– Are they acting differently?
        – Is something not right/off?
2. Food logs (try)
3. Elimination diets (try)
4. Food challenges (try)
        – If they are a picky eater you could introduce a stamp/sticker chart. (For example if they eat one bite of a new vegetable then they get one stamp/sticker on their chart.)
5. Emotional involvement in food (be aware)
       – Binging
       – Hiding food
       – Restricting food
A great tip Rebekah gave for introducing new foods to picky eaters was to give them limited choices. What color plate do you want? What spoon would you like to eat with today? What flavor yogurt would you like? Strawberry or blueberry? That allows your child to feel more in control of their choices and what they get to eat.
Here are the resources she gave:
 
 
www.foodallergy.org – food allergy research and education
 
cspinet.org – Center for Science in the Pubic Interest
 
 
 
 
Book – How To Get Your Child to Eat but Not Too Much, by Ellyn Satter
When making decisions for our family she knows that we are the experts with how our kids and family members are on a daily basis. If we do take our kids to the doctors and the doctor brushes off our concern, go for a second opinion. We are our children’s best advocate and if we truly feel like something is wrong, Rebekah encourages us to seek out as much help as we can.
See you Thursday!
-Kacie

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Welcome Back!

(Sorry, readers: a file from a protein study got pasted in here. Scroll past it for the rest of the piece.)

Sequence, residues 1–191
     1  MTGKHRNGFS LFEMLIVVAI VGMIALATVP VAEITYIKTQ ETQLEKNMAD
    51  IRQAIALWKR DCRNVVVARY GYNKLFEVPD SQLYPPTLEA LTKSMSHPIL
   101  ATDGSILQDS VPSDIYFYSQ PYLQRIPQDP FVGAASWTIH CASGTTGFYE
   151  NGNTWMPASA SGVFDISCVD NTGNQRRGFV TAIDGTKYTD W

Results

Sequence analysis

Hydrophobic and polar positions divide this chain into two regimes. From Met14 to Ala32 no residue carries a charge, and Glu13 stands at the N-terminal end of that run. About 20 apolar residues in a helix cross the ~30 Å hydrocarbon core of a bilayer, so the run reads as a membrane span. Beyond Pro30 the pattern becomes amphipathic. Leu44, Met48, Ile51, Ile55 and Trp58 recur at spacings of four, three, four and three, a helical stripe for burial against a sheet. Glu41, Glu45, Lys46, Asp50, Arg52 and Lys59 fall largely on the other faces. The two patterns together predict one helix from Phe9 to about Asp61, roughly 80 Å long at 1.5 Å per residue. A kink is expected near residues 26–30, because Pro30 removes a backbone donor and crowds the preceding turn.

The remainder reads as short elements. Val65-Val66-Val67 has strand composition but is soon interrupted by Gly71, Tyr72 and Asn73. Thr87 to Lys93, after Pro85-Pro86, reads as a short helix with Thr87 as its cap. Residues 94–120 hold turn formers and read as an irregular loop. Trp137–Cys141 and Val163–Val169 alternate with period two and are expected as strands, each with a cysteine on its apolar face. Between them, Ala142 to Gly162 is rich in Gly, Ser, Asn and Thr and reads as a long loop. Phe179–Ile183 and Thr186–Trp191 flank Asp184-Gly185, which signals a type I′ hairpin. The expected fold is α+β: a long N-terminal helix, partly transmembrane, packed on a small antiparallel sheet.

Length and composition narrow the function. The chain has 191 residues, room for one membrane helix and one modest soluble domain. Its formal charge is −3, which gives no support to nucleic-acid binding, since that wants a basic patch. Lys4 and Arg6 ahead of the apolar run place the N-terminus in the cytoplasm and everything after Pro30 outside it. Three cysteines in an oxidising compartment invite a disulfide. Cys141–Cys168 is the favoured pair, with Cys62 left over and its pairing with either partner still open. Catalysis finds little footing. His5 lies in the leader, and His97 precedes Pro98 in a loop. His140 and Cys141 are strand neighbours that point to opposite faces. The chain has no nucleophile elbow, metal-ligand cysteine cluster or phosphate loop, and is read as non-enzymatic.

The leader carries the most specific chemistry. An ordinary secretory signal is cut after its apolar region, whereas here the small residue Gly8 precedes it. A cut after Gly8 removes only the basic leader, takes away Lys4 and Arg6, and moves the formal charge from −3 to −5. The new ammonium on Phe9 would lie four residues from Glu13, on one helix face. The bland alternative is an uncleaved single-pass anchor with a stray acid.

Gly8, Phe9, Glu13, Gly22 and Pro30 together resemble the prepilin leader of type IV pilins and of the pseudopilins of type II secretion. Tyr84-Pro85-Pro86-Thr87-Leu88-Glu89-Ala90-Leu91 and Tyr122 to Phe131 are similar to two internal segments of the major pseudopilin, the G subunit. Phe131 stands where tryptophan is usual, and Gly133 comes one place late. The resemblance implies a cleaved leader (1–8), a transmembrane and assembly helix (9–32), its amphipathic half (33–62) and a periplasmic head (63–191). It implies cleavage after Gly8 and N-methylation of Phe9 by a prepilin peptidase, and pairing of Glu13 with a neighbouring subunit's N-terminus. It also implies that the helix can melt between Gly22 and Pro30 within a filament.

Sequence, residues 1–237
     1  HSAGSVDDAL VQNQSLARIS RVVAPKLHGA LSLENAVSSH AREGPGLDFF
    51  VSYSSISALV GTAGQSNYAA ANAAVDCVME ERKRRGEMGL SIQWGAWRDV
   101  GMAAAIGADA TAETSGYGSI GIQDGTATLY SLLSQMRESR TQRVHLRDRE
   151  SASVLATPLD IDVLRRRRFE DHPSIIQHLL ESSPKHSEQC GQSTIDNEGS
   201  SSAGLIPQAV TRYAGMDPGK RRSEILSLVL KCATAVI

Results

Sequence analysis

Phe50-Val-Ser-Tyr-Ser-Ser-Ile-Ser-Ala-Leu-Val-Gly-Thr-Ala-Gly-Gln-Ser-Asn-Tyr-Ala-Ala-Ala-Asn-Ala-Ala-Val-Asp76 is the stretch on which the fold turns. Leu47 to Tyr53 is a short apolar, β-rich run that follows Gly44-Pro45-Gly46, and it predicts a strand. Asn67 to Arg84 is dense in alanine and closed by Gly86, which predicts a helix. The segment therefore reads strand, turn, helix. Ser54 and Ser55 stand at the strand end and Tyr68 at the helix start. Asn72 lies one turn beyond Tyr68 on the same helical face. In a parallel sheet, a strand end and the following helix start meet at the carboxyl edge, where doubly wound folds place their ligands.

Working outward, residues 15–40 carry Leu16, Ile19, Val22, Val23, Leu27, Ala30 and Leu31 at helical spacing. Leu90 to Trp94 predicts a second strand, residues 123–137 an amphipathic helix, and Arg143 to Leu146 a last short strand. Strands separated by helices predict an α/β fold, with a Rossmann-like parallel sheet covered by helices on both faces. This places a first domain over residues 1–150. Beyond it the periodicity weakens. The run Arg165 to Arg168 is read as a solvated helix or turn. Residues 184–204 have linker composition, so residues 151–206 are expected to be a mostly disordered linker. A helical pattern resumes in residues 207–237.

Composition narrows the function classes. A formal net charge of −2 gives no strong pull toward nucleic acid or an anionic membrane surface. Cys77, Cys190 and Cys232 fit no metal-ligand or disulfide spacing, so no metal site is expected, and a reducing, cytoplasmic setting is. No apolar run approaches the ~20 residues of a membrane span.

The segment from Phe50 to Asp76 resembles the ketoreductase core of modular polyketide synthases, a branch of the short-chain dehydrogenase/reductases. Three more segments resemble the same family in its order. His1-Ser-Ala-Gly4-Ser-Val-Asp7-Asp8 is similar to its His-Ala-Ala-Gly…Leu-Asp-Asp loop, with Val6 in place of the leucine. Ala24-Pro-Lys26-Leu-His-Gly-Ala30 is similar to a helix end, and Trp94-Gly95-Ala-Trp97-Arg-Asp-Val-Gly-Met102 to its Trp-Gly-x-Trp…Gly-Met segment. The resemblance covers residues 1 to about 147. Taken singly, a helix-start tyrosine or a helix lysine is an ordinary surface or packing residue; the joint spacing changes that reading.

Welcome back beautiful ladies!

Thursday we kicked off our 2018-2019 season of MOMS with delicious food, a lot of table bonding, and a very encouraging introduction to this year’s theme, “Grit & Grace,” by Kahryn Darjany.  A couple of housekeeping items: first, Kidzone policies have adjusted a bit.  If you are not able to make it to MOMS the week your table helps in Kidzone, you will be added to our back-up list to call from if we need your help a different week.  You can prepay for the fall season of Kidzone and receive a discounted price, and we are now able to accept credit cards at the check in table or during the registration process.  Remember, you can join MOMS at ANY point September through May! Invite your fellow mamas to be apart of this incredible group.

I don’t know about you guys, but “Grit & Grace” is EXACTLY where I’m at right now.  It is such a struggle for me personally to face each day with a smile and maintain a positive mindset. Many days I make it to that point where I am able to enjoy those little moments, when time stands still and I can truly see and hear my kiddos. There are equally many mornings that greet me with an uphill battle, and I struggle every moment to catch my breath. Yeah, NOT nailing momming on those days. I know that I am not the only mom attempting to find the balance between the necessary grit of mothering and the equally important grace that shapes our children’s hearts and emotional well being.  Kahryn spent a few minutes focusing on each of those words.  Grit is our mom strength. It is the ability to push through, to conquer, to make it work, bearing the trials and situations of life that mommyhood presents.  Grace is the forgiveness, the kind and gentle words and actions that communicate it is going to be alright. 

You can’t be ALL grit or ALL grace.  One extreme and you end up the drill sergeant that punishes imperfection and relies on shame and guilt to mature your children.  The other extreme and you find yourself a doormat (to steal Kahryn’s word) modeling unrealistic life expectations that will not produce functioning, responsible adults.  Where…WHERE is the line? How do we find balance and offer our offspring the best of both grit and grace?

Kahryn closed with this quote from Brené Brown (totally coincidentally my new life motto):

Strong Back
Soft Front
Wild Heart